The Federal Reserve could begin withdrawing unconventional life support for the U.S. economy as early as next week. It raises questions anew, especially for the housing sector, about what happens when an era of cheap borrowing costs comes to a close.
The Fed meets for two days next week, and its Wednesday statement is expected by many on Wall Street to include the first tapering back of its purchases of $85 billion a month in government and mortgage bonds, underway since December 2012.
Economists and financial analysts have debated when the taper should begin, but most think it’ll happen soon, because the economy keeps showing slow but steady improvement. Fear of the taper, however, has sent the rate on a 30-year fixed-rate mortgage upward by more than a percentage point, to a national average of about 4.56 percent on Thursday.
If mortgage rates go too high, it could stop the housing recovery in its tracks. That’s problematic, since falling home prices were the catalyst of the near-meltdown of the financial system in 2008.
For now, analysts aren’t too concerned about a freeze in home purchases after the tapering begins and rates rise.
“In the early 1980s, we had mortgage rates in the teens and the housing market was depressed . . . and a couple of years later housing boomed again,” said Patrick Newport, an economist specializing in housing for forecaster IHS Global Insight. “I think people realize that these (very low) rates we’re seeing are very transitory and we’ll never see them again in our lifetime.”
The average rate on a 30-year fixed-rate mortgage last year was an unheard of 3.66 percent, and 4.26 percent from 2010 through 2012. It’s very low by historical standards. During the 1980s, the average rate over the decade for a 30-year fixed mortgage was 11.70 percent. In the 1990s, it averaged 8.12 percent.
Newport expects the average rate at the end of this year to be around 4.54 percent for a 30-year fixed-rate loan, climbing to 4.68 percent by the end of next year and 5.16 percent at the end of 2015. The National Association of Realtors projects about 4.2 percent this year, 5.1 percent next year and about 5.5 percent in 2015.
“So that’s a large increase in mortgage rates,” said Jed Smith, managing director of quantitative research for the realtors’ group. “If that occurs, obviously some people will be priced out of the market. But we don’t think that will have a tremendous effect, because people bought plenty of houses when interest rates were well beyond 6 percent.”
The industry group, said Smith, is less concerned with rising rates than it is with overly tight lending standards that are preventing people with relatively good credit from obtaining home loans.
“If we got back to normal credit standards, we might see somewhere in the neighborhood of half a million additional home sales,” said Smith, saying people who could get a loan in 2001 can’t get one today. “Lower-credit buyers are being shut out of the market.”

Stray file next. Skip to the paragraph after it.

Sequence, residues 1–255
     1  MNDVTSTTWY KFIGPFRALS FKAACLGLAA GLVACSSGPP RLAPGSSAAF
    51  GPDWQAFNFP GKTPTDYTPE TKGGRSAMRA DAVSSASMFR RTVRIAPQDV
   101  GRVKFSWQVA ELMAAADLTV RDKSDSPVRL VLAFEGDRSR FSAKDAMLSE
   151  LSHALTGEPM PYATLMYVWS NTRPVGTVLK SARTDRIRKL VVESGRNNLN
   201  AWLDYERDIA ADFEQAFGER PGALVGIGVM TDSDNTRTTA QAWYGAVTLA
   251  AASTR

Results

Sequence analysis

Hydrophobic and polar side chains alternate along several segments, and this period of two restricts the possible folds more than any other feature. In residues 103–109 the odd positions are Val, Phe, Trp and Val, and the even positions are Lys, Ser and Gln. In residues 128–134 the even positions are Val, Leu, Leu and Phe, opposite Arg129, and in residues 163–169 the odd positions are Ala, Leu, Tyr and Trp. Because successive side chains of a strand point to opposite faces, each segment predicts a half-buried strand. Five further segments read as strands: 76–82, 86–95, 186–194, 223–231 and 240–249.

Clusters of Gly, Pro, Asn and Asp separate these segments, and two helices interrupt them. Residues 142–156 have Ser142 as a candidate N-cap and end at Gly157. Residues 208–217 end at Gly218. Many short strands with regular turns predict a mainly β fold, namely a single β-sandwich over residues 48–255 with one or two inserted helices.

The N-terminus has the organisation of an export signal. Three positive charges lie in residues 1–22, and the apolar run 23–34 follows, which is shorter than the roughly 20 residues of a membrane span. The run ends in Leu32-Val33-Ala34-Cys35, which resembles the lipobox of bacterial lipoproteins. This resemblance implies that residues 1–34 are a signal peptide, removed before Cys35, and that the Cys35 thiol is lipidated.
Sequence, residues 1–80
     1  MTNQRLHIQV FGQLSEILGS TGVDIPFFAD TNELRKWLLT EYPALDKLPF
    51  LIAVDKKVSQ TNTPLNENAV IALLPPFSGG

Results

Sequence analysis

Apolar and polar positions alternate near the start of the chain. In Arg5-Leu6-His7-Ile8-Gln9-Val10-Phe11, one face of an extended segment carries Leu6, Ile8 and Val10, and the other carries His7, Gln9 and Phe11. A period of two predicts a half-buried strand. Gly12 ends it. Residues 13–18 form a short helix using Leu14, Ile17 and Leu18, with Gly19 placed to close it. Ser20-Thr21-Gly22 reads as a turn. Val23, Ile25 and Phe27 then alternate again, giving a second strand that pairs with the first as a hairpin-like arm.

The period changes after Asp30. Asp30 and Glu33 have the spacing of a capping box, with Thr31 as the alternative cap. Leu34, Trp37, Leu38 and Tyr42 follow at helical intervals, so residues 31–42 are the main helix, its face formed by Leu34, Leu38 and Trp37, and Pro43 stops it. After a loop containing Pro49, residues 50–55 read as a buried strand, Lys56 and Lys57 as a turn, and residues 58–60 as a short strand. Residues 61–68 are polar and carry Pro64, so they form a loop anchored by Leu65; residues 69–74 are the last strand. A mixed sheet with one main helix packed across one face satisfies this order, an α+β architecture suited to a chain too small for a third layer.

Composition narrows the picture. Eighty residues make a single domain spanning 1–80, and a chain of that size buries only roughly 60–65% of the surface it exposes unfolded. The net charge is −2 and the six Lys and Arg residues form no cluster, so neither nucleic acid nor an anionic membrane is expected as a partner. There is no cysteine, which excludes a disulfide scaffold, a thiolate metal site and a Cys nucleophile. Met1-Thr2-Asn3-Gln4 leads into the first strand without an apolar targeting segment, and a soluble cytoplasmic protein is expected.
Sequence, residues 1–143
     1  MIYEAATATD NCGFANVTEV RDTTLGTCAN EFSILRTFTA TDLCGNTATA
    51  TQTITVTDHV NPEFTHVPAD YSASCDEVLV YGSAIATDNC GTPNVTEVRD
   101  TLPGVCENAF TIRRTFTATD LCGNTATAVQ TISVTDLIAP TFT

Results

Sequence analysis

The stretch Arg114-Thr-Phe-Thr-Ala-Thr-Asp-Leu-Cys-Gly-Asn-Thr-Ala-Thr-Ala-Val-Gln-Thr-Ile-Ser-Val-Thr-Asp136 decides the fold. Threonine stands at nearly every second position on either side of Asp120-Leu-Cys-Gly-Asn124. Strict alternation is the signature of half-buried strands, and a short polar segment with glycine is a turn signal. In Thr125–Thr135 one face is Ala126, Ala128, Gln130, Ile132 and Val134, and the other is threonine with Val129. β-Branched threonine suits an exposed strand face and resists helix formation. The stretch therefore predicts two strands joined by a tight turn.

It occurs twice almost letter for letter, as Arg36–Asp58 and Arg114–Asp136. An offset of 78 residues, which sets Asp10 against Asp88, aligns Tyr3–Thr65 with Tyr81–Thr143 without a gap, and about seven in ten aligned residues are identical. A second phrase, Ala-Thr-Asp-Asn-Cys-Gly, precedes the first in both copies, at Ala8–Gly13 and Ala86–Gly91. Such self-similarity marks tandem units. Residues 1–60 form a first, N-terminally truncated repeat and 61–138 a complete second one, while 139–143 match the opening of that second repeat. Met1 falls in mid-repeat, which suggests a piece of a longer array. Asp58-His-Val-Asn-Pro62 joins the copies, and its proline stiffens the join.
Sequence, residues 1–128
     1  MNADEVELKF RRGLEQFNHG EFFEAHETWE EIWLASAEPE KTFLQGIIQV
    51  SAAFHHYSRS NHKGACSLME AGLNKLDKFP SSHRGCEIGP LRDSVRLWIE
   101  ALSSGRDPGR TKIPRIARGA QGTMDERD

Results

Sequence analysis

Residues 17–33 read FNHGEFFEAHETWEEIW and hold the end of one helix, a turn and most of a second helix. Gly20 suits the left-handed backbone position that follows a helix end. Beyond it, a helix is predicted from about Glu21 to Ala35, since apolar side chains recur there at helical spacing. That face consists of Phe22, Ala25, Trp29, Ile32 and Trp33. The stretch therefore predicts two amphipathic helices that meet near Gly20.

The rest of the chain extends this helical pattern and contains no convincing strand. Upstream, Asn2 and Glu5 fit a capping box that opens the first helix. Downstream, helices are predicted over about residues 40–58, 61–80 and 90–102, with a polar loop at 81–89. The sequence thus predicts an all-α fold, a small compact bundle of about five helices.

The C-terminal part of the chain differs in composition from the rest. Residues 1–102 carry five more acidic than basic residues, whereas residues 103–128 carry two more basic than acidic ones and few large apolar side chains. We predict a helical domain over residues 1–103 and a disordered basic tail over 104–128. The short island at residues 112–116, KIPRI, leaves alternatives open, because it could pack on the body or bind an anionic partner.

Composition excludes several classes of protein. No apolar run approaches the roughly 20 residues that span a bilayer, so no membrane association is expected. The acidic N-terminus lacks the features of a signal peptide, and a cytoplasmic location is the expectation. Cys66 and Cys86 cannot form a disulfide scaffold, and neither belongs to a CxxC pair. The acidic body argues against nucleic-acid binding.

So if housing is still recovering, why is the Fed removing support for the economy now?
The annual rate of economic growth from April to June was recently revised upward to 2.5 percent, the unemployment rate has been dropping, and employers are adding jobs at a monthly pace around 180,000 this year.
During normal times, those would signal growth and could lead to higher interest rates if the Fed feared the economy was overheating. But these aren’t normal times.
The federal funds rate has been anchored below 0.25 percent since December 2008. With little room to influence the economy by conventional means, the Fed has in three separate efforts purchased government and mortgage bonds to spur business activity. It’s called quantitative easing, and the idea is to drive down the rate of return on a longer-term bond, thus forcing investors to chase better returns in the stock market or elsewhere.
Traders have gotten so used to the support that they fear what might happen as the Fed takes its foot off the accelerator and a sugar high gives way to more volatility in bond prices. Few economists expect the Fed to actually begin raising its benchmark interest rate before the middle of 2015, but the taper still means less support just as the housing sector seems to finally be rebounding.
Given the sharp rise in mortgage rates this year in response, some economists think the Fed next week might keep buying mortgage bonds at its regular pace but cut down more sharply on its purchase of Treasury bonds. This mix would keep supporting the housing recovery while removing broader economic support.
“The bigger story around tapering will be the composition,” Neil Dutta, director of research for forecaster Renaissance Macro Research, predicted in an investment note Thursday. “The recent slowing in the housing market could prompt the Fed to cut Treasury bond buying exclusively.”
Over the next two years, rising mortgage rates will be a virtuous sign, signaling an improved economy.
“They’ll be going up for good reasons. That is actually good for the economy,” said Newport, pointing to a return to normalcy after more than a decade of historically low rates. “It’s a sign of economic health. It is not a red flag for the housing sector.”
By Kevin G. Hall
McClatchy Washington Bureau